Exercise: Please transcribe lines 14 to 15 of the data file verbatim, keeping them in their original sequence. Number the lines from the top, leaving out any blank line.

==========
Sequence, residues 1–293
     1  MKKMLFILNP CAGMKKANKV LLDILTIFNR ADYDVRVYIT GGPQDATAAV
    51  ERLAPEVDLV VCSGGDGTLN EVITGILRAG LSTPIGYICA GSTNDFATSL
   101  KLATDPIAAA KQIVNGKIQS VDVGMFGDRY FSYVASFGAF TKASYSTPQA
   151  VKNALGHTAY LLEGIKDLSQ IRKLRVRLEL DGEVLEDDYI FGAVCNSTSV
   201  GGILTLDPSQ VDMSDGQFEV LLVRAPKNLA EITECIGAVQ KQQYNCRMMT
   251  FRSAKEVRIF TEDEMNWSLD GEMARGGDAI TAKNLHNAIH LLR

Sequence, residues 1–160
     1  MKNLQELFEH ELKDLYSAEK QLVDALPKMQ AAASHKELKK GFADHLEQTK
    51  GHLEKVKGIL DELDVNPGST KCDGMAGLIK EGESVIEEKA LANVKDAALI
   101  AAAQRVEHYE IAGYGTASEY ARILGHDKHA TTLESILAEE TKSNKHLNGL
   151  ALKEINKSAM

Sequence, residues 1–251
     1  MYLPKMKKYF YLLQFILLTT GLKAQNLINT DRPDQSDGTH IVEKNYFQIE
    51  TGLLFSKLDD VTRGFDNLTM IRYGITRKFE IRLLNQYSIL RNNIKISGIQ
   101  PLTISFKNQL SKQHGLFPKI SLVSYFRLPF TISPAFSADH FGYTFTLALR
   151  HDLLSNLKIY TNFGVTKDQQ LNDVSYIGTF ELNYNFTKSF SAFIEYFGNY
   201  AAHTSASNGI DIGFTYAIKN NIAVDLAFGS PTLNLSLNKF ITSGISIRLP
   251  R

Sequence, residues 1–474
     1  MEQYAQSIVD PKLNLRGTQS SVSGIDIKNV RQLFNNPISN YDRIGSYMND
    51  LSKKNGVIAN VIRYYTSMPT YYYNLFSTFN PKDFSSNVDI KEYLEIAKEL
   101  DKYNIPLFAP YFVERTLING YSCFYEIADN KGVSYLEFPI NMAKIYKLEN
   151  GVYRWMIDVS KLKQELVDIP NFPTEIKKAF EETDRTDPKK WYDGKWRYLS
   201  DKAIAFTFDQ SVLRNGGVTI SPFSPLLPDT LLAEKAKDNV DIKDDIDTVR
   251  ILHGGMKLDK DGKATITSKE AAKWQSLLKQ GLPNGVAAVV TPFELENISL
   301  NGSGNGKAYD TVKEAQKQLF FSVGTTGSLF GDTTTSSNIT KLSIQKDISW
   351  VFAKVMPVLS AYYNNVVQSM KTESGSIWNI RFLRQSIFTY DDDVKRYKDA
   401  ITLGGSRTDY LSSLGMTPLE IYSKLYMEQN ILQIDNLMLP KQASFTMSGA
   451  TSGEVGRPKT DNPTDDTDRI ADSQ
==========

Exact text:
     1  MYLPKMKKYF YLLQFILLTT GLKAQNLINT DRPDQSDGTH IVEKNYFQIE
    51  TGLLFSKLDD VTRGFDNLTM IRYGITRKFE IRLLNQYSIL RNNIKISGIQ